Survival Artists in the Antarctic

Researchers study the ways in which moss can survive in hostile environments

climate change
Moss researcher Hyoungseok Lee in Antarctica Photo: KOPRI

In order to improve our understanding of the impact climate change has on plant life in the Antarctic, the Rector of the University of Freiburg/Germany, Prof. Dr.Hans-Jochen Schiewer, and the President of the Korea Polar Research Institute KOPRI, Dr. Ho-Il Yoon, have just signed a co-operation agreement on moss research. Biologists Prof. Dr. Ralf Reski from the University of Freiburg/Germany and Dr. Hyoungseok Lee from the Korea Polar Research Institute KOPRI/South Korea will join forces to decipher the genome of an Antarctic strain of the moss Sanionia uncinata and compare it to the genome of the model moss Physcomitrella patens, which cannot grow in Antarctica. The project will be funded by KOPRI’s “Polar Genomes 101 Project”. “We are excited about this new opportunity and expect new insights into plant adaptation to harsh environmental conditions,” says Reski.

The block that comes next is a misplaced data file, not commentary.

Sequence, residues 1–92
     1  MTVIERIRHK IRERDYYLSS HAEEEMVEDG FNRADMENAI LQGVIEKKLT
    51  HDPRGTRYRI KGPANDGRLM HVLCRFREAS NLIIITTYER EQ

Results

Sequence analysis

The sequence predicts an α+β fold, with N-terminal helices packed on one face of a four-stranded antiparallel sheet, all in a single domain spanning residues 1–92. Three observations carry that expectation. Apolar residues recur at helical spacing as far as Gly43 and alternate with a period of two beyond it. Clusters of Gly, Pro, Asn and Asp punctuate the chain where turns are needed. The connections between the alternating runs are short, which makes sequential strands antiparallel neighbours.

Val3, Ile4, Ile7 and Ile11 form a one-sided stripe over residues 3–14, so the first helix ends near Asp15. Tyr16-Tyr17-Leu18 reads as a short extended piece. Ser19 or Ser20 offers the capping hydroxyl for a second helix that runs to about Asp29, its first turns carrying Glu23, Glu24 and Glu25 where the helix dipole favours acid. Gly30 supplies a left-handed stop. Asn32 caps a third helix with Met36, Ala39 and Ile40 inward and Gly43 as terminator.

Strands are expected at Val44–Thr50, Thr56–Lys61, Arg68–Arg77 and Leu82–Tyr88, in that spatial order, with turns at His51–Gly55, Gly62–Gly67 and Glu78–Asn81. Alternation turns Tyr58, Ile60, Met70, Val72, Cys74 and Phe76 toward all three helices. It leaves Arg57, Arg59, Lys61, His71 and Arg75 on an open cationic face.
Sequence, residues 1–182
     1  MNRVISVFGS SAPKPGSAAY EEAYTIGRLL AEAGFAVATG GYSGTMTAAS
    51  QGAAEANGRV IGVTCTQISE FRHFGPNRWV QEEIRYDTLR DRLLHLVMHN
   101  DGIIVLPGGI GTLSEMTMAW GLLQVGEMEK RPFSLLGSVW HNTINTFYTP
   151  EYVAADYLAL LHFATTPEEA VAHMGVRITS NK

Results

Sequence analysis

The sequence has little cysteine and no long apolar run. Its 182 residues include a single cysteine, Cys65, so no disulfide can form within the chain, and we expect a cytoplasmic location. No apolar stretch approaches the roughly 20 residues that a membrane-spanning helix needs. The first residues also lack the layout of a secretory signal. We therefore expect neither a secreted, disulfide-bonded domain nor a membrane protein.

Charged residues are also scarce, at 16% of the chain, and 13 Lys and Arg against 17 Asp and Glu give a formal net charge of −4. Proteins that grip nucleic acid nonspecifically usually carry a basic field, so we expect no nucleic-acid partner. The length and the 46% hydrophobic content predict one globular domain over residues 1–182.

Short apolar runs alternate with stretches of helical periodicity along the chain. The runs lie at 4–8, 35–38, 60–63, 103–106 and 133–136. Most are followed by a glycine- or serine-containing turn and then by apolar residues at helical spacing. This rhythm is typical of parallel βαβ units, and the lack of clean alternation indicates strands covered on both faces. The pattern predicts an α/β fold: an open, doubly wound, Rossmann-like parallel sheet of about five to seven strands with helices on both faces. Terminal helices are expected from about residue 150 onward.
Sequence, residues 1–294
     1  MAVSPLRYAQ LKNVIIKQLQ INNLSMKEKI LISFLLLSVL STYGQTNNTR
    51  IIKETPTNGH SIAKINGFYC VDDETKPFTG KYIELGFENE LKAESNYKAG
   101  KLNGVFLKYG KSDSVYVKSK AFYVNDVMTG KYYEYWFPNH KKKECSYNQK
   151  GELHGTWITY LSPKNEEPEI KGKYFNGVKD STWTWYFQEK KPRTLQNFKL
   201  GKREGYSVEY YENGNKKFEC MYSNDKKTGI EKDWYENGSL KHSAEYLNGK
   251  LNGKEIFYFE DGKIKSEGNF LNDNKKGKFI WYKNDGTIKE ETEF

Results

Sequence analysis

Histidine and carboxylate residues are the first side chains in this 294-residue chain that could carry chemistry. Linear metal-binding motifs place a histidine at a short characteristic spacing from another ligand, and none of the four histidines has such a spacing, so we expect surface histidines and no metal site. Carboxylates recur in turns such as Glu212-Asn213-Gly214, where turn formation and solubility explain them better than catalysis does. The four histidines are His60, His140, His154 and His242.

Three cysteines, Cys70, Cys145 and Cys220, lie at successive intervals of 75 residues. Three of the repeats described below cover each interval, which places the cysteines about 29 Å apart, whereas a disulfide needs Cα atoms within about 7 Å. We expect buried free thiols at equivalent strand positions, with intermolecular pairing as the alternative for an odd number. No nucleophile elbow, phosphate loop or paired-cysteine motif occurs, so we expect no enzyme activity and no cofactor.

Best known for its penguins, Antarctica is also home to about 100 moss species, which form the dominant plant life on this continent with its freezing temperatures, poor soil quality, lack of moisture and little sunlight. So far it is not known how plants can survive such harsh conditions and how man-made global warming will affect plant life in the Antarctic. “We will search for as yet unknown signalling mechanisms in the moss that have evolved over millions of years to make life in remote and hostile places possible.”

Ralf Reski holds the Chair of Plant Biotechnology at the Faculty of Biology of the University of Freiburg/Germany. He is a founding principal investigator of the Cluster of Excellence BIOSS Centre for Biological Signalling Studies and has developed the moss Physcomitrella from scratch to a model organism for basic biology and plant biotechnology over the last three decades.